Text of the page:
Phil, Hopefully you will enjoy that Taylor.

              Remember, I'm the guy that told you to call Henry up and get the family discount on a Gibson J185 12 string.

              Kids play full size guitars of all scales and adults play fiddles and mandolins, so smaller or larger fingers shouldn't matter at all. The J 185-12 has a smaller scale than the Taylor, and although the neck might have felt chubbier on the Gibson than the Taylor it could have worked out better in the long run.

              You would have been thanking me some 20 years down the road on giving the American made Gibson and whirl. Now I know it cost way more, but if you're the business of making money with music and own a studio, you know you can write it off.

              Just sayin

              I have smaller paws and my wife's are even smaller, she likes the scale of the gibson stuff, but all the Gibby's I own are J's. She calls em the boobie mashers.

              Personally if I was Gibson, I would have good with a back maple that had a bit more flame in it for there J185 12's, and a better book match too.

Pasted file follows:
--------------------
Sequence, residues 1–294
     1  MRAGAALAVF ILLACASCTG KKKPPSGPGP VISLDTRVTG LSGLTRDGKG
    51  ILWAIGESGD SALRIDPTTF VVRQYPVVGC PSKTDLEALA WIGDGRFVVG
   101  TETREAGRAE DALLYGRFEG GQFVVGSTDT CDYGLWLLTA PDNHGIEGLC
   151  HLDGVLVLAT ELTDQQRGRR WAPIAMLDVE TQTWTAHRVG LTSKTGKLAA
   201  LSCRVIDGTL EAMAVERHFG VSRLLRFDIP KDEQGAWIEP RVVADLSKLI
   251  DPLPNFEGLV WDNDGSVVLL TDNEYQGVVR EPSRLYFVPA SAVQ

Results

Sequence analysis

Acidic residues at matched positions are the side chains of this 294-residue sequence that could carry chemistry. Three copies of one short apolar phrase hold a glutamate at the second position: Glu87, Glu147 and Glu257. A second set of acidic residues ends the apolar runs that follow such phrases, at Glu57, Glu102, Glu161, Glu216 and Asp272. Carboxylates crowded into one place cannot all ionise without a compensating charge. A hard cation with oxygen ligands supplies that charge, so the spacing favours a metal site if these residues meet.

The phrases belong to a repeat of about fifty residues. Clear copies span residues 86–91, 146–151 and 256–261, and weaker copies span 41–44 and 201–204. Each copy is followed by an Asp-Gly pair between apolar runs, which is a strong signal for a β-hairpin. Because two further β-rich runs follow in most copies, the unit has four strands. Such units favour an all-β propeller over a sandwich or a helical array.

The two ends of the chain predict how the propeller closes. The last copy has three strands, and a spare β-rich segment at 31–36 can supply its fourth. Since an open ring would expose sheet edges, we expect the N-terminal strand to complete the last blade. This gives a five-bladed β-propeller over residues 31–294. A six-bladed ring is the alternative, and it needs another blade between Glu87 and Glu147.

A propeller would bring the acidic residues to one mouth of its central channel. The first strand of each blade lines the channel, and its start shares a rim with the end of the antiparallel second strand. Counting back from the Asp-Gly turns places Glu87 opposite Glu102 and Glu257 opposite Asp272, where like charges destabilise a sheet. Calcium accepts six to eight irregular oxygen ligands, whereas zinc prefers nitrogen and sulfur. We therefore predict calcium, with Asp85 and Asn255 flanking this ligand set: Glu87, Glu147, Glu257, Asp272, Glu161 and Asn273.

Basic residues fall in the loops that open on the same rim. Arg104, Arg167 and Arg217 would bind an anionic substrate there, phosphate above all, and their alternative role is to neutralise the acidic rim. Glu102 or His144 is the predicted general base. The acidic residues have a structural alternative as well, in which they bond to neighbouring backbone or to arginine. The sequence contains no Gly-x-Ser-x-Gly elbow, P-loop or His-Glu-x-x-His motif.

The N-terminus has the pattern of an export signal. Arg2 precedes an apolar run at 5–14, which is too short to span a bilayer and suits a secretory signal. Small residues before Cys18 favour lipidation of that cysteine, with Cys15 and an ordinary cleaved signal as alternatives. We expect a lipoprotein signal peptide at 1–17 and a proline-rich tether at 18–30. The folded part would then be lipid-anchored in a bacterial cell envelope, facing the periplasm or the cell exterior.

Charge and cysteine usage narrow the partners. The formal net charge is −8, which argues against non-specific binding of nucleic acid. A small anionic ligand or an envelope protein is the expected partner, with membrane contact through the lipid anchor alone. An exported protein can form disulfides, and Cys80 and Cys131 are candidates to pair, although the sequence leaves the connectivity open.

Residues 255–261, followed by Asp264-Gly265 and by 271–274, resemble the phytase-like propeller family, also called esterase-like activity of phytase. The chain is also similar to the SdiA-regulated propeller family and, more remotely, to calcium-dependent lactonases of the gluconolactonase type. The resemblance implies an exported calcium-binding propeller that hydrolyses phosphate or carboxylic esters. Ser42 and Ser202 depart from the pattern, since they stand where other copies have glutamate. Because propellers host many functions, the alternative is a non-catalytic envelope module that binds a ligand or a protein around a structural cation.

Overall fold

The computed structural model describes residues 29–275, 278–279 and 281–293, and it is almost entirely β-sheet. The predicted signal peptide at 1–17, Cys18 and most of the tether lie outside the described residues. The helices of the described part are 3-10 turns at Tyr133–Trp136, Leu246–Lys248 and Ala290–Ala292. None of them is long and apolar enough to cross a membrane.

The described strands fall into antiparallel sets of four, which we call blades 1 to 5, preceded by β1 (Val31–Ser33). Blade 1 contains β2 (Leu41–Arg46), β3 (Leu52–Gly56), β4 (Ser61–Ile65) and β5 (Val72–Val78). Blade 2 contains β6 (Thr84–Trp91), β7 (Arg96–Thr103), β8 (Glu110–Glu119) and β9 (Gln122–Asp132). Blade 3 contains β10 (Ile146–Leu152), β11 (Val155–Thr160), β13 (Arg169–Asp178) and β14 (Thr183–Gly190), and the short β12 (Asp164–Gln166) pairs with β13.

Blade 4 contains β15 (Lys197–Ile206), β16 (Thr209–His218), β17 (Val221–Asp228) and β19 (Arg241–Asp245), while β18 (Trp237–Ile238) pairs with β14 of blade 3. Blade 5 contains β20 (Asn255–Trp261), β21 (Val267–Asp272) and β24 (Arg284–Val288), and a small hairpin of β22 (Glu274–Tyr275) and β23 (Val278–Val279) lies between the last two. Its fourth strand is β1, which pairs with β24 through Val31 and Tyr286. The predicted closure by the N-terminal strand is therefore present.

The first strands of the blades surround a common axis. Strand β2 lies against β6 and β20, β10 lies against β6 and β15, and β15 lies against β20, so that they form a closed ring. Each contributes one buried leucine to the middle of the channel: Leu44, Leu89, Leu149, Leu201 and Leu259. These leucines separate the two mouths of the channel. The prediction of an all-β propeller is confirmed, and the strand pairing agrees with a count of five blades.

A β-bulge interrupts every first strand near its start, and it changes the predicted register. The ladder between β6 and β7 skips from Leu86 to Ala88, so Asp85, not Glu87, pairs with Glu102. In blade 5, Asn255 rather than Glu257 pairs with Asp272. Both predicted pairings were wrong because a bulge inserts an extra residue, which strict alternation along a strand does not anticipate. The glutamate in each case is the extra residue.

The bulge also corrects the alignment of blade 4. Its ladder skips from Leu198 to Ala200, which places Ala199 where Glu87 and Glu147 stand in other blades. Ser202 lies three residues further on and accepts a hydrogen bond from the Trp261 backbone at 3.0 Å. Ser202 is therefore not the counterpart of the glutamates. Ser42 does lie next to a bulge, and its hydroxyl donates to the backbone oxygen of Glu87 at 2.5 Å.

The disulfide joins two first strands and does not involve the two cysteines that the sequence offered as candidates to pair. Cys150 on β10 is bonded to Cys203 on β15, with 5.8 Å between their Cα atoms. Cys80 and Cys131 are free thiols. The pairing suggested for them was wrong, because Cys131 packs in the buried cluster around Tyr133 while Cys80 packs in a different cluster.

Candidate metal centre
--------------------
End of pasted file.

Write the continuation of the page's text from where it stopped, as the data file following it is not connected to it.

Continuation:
You really should have gotten a J 185 12 string just for review.



              _____________________________________
              Faith is taking the first step even when you don't see the whole staircase.

              Join Date: Aug 2001
              Location: N. Adams, MA USA
              Posts as of Jan 10th 2013: 82,617

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              • #22
                Originally posted by Mikeo View Post
                Phil, Hopefully you will enjoy that Taylor.

                Remember, I'm the guy that told you to call Henry up and get the family discount on a Gibson J185 12 string.
                The family discount might not be as much as you think...

                Kids play full size guitars of all scales and adults play fiddles and mandolins, so smaller or larger fingers shouldn't matter at all.